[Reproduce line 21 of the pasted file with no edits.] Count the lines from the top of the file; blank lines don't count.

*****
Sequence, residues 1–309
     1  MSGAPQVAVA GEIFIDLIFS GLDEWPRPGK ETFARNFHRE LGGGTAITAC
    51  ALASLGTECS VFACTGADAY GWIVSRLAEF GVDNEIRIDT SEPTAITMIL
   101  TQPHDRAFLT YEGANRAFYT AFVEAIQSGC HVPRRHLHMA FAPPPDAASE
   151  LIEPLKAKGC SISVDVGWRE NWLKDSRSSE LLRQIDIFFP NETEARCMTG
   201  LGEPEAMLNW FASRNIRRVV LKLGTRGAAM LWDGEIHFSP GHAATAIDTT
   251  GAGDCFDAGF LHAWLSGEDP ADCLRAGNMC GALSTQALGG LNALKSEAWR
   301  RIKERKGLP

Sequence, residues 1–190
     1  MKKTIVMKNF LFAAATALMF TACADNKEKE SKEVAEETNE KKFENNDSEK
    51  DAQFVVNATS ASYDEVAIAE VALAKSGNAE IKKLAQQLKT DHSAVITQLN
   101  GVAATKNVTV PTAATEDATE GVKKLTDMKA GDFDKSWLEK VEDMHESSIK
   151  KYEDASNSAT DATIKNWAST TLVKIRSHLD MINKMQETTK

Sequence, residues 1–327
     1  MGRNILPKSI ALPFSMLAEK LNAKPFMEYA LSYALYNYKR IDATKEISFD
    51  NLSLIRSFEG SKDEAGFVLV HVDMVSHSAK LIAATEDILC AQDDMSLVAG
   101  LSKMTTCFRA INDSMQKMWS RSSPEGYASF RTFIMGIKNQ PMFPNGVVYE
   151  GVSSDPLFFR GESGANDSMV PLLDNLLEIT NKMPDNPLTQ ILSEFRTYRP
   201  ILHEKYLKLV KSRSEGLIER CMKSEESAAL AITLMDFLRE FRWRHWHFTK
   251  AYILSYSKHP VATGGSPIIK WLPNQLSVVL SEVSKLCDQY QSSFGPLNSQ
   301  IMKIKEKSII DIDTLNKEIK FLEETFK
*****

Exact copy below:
   301  IMKIKEKSII DIDTLNKEIK FLEETFK